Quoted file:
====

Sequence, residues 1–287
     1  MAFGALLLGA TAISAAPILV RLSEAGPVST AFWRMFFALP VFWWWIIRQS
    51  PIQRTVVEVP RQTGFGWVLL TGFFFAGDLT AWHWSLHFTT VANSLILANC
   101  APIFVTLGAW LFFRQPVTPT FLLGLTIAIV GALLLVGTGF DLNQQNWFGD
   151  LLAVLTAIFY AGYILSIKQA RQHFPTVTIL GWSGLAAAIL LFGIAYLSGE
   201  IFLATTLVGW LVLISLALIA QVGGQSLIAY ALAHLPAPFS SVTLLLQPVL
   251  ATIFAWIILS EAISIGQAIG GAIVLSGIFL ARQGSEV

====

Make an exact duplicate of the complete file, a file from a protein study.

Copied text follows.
Sequence, residues 1–287
     1  MAFGALLLGA TAISAAPILV RLSEAGPVST AFWRMFFALP VFWWWIIRQS
    51  PIQRTVVEVP RQTGFGWVLL TGFFFAGDLT AWHWSLHFTT VANSLILANC
   101  APIFVTLGAW LFFRQPVTPT FLLGLTIAIV GALLLVGTGF DLNQQNWFGD
   151  LLAVLTAIFY AGYILSIKQA RQHFPTVTIL GWSGLAAAIL LFGIAYLSGE
   201  IFLATTLVGW LVLISLALIA QVGGQSLIAY ALAHLPAPFS SVTLLLQPVL
   251  ATIFAWIILS EAISIGQAIG GAIVLSGIFL ARQGSEV